Dems’ best friend: The GOP base

The conservative masses revolt again, this time in Nebraska's Senate primary

Published May 16, 2012 12:00PM (EDT)

At the very least, the Republican Party base’s revolt against its own establishment cost the GOP a 50-50 Senate tie in 2010, with primary voters forcing unelectable nominees on the party in three races that it had otherwise been on course to win. A decent case can be made that the uprising actually cost Republicans outright Senate control.

And now the same thing may be happening all over again, with Nebraska joining a growing list of unexpected 2012 Senate battlegrounds – at least for the moment.

The impetus is the surprise victory of Deb Fischer, a little-known state legislator, over two seasoned opponents in Tuesday’s Nebraska Republican Senate primary. Fischer’s candidacy seemed dead in the water until about a week ago, when she was endorsed by Sarah Palin. A last-second ad blitz from a super PAC controlled by the founder of Ameritrade added to her momentum, and Fischer ended up beating out state Attorney General Jon Bruning, who had been the favorite, by 5 points.

The outcome was greeted with immediate joy by Democrats, with the DSCC putting out a statement calling Fischer an “untested” and “accidental” nominee for the seat being vacated by Democrat Ben Nelson. The hope for Democrats is that the 61-year-old Fischer, who has represented a rural western Nebraska district in the state Senate since 2005, will melt under the spotlight of a high-stakes general election contest – much the way Sharron Angle, Christine O’Donnell, Ken Buck and Joe Miller did in 2010.

This may prove to be wishful thinking. Fischer could end up being a perfectly competent candidate, one who isn’t prone to erratic behavior and pointlessly inflammatory rhetoric and who doesn’t have any serious skeletons in her closet. Certainly, she showed strong communication skills in her acceptance speech Tuesday night. And because of Nebraska’s deep red shading and its particular antipathy toward Democrats in the Obama era, Fischer’s margin for error is probably substantial. The same mistakes that derailed Angle in Nevada may only be the difference between, say, a 20- and 10-point win in Nebraska.

That said, Fischer absolutely is an untested candidate. Bruning and the race’s other major candidate, state Treasurer Don Stenberg, spent months firing shots at each other and gobbling up all of the attention. The intensity of their battle probably helped create the opening that Fischer seized, but the late timing of her surge also spared her from facing much in the way of media scrutiny or attacks from her rivals. She raised and spent very little money, and not much is known about her.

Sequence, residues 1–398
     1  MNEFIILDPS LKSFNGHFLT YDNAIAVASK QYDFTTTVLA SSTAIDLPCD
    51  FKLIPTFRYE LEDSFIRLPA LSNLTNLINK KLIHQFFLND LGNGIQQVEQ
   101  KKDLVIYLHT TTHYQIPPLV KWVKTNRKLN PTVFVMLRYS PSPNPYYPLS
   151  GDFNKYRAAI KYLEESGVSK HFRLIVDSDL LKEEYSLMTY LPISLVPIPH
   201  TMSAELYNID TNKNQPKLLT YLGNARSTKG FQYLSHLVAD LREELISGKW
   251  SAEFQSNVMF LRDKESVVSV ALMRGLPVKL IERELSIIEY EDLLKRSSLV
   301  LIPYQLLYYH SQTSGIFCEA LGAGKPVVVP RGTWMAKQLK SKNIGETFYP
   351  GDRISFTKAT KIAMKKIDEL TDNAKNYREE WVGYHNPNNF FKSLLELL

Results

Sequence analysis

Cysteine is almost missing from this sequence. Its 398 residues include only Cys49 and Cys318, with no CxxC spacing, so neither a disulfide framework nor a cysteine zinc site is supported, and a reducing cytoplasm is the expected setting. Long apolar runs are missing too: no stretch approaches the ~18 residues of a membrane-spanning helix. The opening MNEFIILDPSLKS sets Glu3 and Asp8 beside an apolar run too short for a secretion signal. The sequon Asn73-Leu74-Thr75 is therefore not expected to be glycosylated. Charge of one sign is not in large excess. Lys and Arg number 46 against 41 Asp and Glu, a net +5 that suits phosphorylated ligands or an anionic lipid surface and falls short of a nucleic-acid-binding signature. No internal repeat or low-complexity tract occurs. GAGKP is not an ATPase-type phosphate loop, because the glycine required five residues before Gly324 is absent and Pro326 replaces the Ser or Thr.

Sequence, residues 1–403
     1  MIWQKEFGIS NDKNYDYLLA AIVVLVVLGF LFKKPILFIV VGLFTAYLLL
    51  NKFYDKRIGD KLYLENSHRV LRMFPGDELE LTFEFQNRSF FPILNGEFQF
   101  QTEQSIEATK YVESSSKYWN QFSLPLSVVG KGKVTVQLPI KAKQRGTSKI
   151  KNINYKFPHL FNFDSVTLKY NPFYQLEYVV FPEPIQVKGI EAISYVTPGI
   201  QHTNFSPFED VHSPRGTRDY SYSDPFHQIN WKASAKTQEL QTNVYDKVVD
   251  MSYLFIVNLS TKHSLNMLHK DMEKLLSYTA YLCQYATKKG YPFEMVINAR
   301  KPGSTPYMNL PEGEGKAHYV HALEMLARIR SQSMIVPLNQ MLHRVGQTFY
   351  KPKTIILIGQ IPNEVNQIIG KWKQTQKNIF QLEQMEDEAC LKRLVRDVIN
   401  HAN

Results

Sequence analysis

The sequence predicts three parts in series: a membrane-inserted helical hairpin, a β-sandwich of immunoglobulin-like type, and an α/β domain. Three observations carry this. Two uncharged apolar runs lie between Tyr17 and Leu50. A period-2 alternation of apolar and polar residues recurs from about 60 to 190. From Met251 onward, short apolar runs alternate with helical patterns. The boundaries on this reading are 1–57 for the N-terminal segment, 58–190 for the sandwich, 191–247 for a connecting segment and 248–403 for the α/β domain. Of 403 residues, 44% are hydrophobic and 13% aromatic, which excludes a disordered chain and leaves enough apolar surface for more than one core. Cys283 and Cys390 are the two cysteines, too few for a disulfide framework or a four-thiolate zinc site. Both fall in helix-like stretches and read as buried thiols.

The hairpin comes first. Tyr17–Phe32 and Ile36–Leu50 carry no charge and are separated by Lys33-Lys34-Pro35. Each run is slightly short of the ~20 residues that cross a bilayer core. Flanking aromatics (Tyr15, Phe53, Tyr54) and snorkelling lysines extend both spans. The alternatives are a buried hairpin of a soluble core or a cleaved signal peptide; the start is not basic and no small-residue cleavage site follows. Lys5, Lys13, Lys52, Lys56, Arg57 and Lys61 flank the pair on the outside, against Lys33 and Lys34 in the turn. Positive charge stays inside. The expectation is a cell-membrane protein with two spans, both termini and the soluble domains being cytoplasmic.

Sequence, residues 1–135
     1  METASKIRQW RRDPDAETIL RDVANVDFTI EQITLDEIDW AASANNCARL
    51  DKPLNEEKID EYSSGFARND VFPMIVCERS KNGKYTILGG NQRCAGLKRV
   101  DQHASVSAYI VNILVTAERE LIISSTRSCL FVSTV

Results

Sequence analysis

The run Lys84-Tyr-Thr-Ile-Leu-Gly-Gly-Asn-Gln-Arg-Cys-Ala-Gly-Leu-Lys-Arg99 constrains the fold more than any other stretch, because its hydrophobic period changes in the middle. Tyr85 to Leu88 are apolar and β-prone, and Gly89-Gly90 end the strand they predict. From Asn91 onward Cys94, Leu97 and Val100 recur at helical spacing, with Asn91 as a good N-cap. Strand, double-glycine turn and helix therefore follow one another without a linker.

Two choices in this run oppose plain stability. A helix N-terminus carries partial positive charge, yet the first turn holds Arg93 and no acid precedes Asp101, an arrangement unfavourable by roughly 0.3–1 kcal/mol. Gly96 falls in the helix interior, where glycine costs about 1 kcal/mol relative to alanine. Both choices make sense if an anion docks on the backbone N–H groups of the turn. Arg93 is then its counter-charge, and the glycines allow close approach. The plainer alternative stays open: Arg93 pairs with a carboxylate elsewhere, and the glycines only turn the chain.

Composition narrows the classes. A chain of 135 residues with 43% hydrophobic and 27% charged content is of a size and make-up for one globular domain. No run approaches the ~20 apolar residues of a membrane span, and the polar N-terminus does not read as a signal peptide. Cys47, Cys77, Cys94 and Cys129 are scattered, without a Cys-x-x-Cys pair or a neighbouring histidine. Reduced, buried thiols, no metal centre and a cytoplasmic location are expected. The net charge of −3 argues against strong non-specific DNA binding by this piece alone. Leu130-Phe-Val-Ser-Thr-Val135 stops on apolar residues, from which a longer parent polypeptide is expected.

For Democrats, that’s reason to cheer. Had Bruning (or even Stenberg, a veteran of eight previous statewide campaigns) won the primary, the general election race would have been a snore. Polls showed both men comfortably ahead of the Democratic candidate, former Sen. Bob Kerrey, who won elections in the state in 1982 (for governor), 1988 and 1994, back when he was something of a local hero. But Kerrey spent the last decade running the New School in New York and hasn’t been on a Nebraska ballot in 18 years. Partisan divisions have hardened since then, and Kerrey now faces cries of carpetbagging.

There are no meaningful Fischer/Kerrey poll numbers out yet. Presumably, the GOP nominee will begin with a solid lead, just because this is Nebraska (and because right now she embodies a neat underdog story). The question is how she’ll hold up, and on that score there’s some real doubt, which means that Nebraska is in play, at least provisionally.

Add in Indiana, where the Tea Party-aligned Richard Mourdock knocked off Dick Lugar last week, and two GOP primaries in one week have resulted in a surprise general election opportunities for Democrats. And primary season isn’t over yet. As Josh Kraushaar notes, the GOP’s grass roots seem poised to rise up against former Gov. Tommy Thompson in Wisconsin; that race is already considered a tossup, but a weak GOP nominee could tip the scales.

Other developments over the last year have also bolstered Democrats’ chances of holding the Senate, including the emergence of Elizabeth Warren in Massachusetts (her recent troubles notwithstanding), Olympia Snowe’s unexpected retirement in Maine, and encouraging news from Arizona and maybe even North Dakota. What looked like an awful Senate map for Democrats at the start of this cycle has come to seem more manageable – even more so after Tuesday night’s shocker in Nebraska.

By Steve Kornacki

Steve Kornacki is an MSNBC host and political correspondent. Previously, he hosted “Up with Steve Kornacki” on Saturday and Sunday 8-10 a.m. ET and was a co-host on MSNBC’s ensemble show “The Cycle.” He has written for the New York Observer, covered Congress for Roll Call, and was the politics editor for Salon. His book, which focuses on the political history of the 1990s, is due out in 2017.

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